• Press and release Reset button to confirm your boot menu selection.

And then wait…

Installing services

Enabling SSH

First thing is to download and install the SSH access plugin. This is done the same way as any add-on. Once this has been installed we can ssh into the ReadyNAS and configure other things. You can use the same username / password of any user you have created.

A restart is required before you can log in

Transmission

Download and install the Transmission add-on from the ReadyNAS community forums. Once installed you will see it available in your add-ons tab.

Transmission will not start until you have set the download-dir in settings.json to a valid location

Automatic

Just like Transmission, download and install from the ReadyNAS comment forums and install in the same way.

Customisation

If you don’t want Mac OS X to write network stores then issue the following command on each Mac OS X client.

$ defaults write com.apple.desktopservices DSDontWriteNetworkStores true

Email

$ apt-get install courier-imap-ssl courier-maildrop courier-doc

You can test with telnet localhost 143 to see if you can connect, you should expect a response like this.

* OK [CAPABILITY IMAP4rev1 UIDPLUS CHILDREN NAMESPACE THREAD=ORDEREDSUBJECT THREAD=REFERENCE SORT QUOTA IDLE ACL ACL2=UNION]
Courier-IMAP ready. Copyright 1998-2005 Double Precision, Inc. See COPYING for distribution information.

Creating a user, location for email and then testing.

userdb tonylawrence.com set uid=1004 gid=50 home=/c/email mail=tonylawrence.com
userdbpw -md5 | userdb tonylawrence.com set imappw
makeuserdb
host:/c/email# mkdir tonylawrence.com
host:/c/email# chown tony:staff tonylawrence.com/
host:/c/email# chmod 755 tonylawrence.com/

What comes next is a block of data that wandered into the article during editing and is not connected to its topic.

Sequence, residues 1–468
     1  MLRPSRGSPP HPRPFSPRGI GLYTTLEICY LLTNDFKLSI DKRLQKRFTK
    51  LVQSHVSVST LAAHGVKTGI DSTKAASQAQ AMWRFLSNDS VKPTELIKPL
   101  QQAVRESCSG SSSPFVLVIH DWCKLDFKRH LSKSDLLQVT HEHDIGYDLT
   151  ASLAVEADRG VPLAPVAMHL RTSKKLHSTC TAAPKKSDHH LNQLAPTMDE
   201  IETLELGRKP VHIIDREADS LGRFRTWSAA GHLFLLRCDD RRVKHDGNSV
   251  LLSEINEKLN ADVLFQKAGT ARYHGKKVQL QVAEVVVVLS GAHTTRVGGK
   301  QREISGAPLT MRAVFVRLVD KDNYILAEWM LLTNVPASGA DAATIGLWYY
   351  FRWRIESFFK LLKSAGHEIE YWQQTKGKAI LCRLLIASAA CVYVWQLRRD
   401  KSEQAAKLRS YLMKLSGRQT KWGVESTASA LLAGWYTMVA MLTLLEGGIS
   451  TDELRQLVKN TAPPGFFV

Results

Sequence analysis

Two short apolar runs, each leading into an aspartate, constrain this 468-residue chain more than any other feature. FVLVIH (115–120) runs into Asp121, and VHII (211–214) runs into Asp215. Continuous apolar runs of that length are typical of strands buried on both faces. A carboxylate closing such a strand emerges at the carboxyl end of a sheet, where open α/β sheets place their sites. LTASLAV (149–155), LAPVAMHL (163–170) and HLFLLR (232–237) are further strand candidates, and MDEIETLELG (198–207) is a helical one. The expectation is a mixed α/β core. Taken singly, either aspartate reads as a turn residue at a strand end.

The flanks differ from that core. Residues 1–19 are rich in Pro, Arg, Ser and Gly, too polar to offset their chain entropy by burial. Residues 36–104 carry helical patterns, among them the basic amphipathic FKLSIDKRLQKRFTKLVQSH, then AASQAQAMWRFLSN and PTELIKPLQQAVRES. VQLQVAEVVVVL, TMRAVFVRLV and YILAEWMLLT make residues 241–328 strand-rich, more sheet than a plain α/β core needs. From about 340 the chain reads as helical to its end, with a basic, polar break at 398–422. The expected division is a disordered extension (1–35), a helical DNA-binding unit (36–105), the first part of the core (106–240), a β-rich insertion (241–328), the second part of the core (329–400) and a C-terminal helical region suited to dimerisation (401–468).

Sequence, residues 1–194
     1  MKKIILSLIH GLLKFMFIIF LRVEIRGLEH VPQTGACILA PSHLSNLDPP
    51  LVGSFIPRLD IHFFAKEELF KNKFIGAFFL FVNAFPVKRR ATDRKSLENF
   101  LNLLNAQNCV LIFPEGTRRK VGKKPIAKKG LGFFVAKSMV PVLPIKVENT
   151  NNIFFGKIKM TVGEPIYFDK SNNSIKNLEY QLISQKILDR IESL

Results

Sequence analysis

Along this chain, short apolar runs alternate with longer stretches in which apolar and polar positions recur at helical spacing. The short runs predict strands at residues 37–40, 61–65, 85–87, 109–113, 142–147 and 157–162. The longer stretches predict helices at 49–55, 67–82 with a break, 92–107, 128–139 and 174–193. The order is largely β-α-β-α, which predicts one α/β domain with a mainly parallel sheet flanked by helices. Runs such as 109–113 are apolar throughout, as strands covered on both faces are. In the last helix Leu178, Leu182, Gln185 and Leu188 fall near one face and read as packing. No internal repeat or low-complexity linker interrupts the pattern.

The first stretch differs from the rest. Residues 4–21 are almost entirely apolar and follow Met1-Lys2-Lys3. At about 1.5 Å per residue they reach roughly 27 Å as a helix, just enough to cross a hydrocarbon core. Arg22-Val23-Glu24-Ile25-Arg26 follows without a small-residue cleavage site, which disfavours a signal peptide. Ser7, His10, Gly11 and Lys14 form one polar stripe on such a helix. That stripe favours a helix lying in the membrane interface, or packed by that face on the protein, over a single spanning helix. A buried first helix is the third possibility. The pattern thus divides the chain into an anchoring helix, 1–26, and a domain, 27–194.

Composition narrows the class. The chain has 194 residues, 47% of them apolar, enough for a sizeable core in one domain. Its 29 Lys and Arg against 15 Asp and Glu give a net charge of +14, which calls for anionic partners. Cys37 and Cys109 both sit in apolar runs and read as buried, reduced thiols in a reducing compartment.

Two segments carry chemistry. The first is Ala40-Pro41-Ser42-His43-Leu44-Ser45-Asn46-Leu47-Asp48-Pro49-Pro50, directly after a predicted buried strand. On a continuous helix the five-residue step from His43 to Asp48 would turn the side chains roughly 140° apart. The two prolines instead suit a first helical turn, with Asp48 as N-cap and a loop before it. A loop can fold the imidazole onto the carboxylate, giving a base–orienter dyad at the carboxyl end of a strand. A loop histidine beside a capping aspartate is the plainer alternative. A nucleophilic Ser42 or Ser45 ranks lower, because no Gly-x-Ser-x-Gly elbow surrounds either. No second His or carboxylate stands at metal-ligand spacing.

$ telnet localhost 143
01 LOGIN <user> <password>
01 OK LOGIN Ok.

Install fetch mail and mail drop to fetch and move email into our new home.

$ apt-get install fetchmail courier-maildrop

Mail Filter is used to place different emails into different locations. Here I move any email to tonylawrence.com into a different folder ~/.mailfilter.

DEFAULT="/c/email"
TL="$DEFAULT/tonylawrence.com/"

if (/^(To|Cc|Bcc):.*@tonylawrence.com/) {
  to $TL
}

to $DEFAULT

Fetchmail configuration to pull email from google mail .fetchmailrc.

set invisible
set bouncemail

poll "imap.gmail.com" protocol imap
  username "<user@gmail.com>"
  password "<password>"
  keep
  ssl
  mda "/usr/bin/maildrop -d <user>"

Then automate the fetching via cron

$ export EDITOR=vi
$ crontab -e

m h  dom mon dow   command
*/2 * * * * fetchmail --pidfile /tmp/fetchmail.pid
#*/5 * * * * fetchmail >/dev/null 2>&1

Avahi icons

$ cd /etc/avahi/services/
$ cat afp.service 
<?xml version="1.0" standalone='no'?><!--*-nxml-*-->
<service-group>
  <name replace-wildcards="yes">%h</name>
  <service>
    <type>_afpovertcp._tcp</type>
    <port>548</port>
  </service>
  <service>
    <type>_device-info._tcp</type>
    <port>0</port>
    <txt-record>model=Macmini</txt-record>
  </service>
</service-group>
Patrician:/etc/avahi/services# cat timemachine.service 
<?xml version="1.0" standalone='no'?><!--*-nxml-*-->
<service-group>
  <name replace-wildcards="yes">Time Machine</name>
  <service>
    <type>_adisk._tcp</type>
    <port>9</port>
    <txt-record>sys=waMA=00:22:3F:AA:2C:E1,adVF=0x100</txt-record>
    <txt-record>dk0=adVF=0xa1,adVN=ReadyNAS,adVU=29d6becd-d614-4346-aa51-bb2f0c8fcbb2</txt-record>
  </service>
  <service>
    <type>_device-info._tcp</type>
    <port>0</port>
    <txt-record>model=TimeCapsule</txt-record>
  </service>
</service-group>

Had to chown admin:admin on /etc/cron.d otherwise couldn’t create backups!

Root Access SSH Automatic Transmission Courier IMAP Courier MailDrop

© Tony Lawrence 2017 - Waffly Bollocks